How To Avoid Becoming A Medical Malpractice Victim – Part I: Ask Questions Until You Understand

This blog posting is the result of what we have learned after many years of assisting medical malpractice victims throughout the United States find local medical malpractice lawyers willing to investigate the reasons why they experienced unexpected and harmful results from medical treatment.

Not all medical malpractice victims suffered their injuries due to the same causes or the same failures to provide reasonable medical care, and not all victims of medical malpractice were even aware that their bad results from medical procedures were due to medical negligence.

I. Be Your Own Best Advocate For Receiving Proper Medical Care – Ask Questions That Are Important To You

You have a right to receive proper medical diagnosis and medical treatment in a timely and safe manner. Many times your medical providers may not provide you with all of the information that you need in order to make an informed medical decision that is right for you. Sometimes medical providers try to make medical decisions for you that they believe are right for you, not with the intent to cause you harm or to keep you in the dark as to your options, but rather they believe that they are in a better position to “know” what is best for you, based on their medical knowledge and experience treating other patients in similar (but not identical) situations.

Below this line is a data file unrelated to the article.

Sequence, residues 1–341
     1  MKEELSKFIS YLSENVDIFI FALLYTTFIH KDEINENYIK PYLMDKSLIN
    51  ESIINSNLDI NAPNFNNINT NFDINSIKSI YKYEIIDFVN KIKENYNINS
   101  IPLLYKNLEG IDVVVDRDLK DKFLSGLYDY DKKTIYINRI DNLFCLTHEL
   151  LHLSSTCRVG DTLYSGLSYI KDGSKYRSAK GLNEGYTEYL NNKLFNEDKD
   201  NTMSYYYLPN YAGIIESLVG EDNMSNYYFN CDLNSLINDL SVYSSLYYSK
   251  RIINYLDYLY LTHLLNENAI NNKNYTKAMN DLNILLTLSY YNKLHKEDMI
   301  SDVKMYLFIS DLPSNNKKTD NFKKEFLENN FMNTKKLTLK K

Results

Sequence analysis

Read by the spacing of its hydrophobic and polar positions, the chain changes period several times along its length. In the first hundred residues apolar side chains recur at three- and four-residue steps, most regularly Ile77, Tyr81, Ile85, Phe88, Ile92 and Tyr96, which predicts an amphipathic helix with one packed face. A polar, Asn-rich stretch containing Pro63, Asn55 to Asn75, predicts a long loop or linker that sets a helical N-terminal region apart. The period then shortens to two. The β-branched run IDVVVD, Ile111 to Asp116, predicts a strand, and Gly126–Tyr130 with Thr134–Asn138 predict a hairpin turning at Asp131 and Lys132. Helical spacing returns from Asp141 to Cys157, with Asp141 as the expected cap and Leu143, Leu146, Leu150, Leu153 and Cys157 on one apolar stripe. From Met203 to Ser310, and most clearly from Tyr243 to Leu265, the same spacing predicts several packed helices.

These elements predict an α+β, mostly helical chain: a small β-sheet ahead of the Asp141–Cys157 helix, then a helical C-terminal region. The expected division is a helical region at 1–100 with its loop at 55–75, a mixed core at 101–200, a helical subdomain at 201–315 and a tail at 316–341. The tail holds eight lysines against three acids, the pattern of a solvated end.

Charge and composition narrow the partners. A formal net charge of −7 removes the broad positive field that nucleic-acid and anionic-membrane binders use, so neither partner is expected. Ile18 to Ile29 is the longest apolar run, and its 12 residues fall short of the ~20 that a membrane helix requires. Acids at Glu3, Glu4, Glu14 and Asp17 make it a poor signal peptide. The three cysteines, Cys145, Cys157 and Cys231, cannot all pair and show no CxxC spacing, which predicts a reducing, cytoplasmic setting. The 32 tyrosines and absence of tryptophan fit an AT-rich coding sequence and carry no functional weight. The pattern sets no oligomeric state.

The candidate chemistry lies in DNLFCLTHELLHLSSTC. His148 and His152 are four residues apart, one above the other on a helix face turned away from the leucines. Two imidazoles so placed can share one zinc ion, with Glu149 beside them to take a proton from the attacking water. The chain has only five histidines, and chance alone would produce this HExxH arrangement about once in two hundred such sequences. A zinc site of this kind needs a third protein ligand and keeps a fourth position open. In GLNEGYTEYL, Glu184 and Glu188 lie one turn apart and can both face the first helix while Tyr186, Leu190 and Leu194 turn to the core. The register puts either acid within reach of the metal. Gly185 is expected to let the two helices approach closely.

The bottom line: what is best for other people may not be what is best for you, or what your medical provider may think is in your best interest.

Laws in most U.S. states recognize and are intended to protect your right to make your own medical decisions, as reflected in what are known as “informed consent” laws. For example, in Maryland, a physician is under a duty to make an adequate disclosure of substantial facts which would be material to the patient’s decision regarding medical treatment. The doctrine of informed consent imposes on a physician, before he subjects his patient to medical treatment, the duty to explain the procedure to the patient and to warn him/her of any material risks or dangers inherent in or collateral to the therapy, so as to enable the patient to make an intelligent and informed choice about whether or not to undergo such treatment. The scope of the physician’s duty to inform is measured by the materiality of the information to the decision of the patient. A material risk is one which a physician knows or ought to know would be significant to a reasonable person in the patient’s position in deciding whether or not to submit to a particular medical treatment or procedure.

How do you protect your right to receive information so that you can “make an intelligent and informed choice about whether or not to undergo such treatment”? Ask questions, and keep asking questions, until you feel satisfied that you understand your medical condition, the treatment options available to you, and the risks and benefits your medical provider believes are associated with the proposed medical treatment, so that you can make the decisions that are right for you.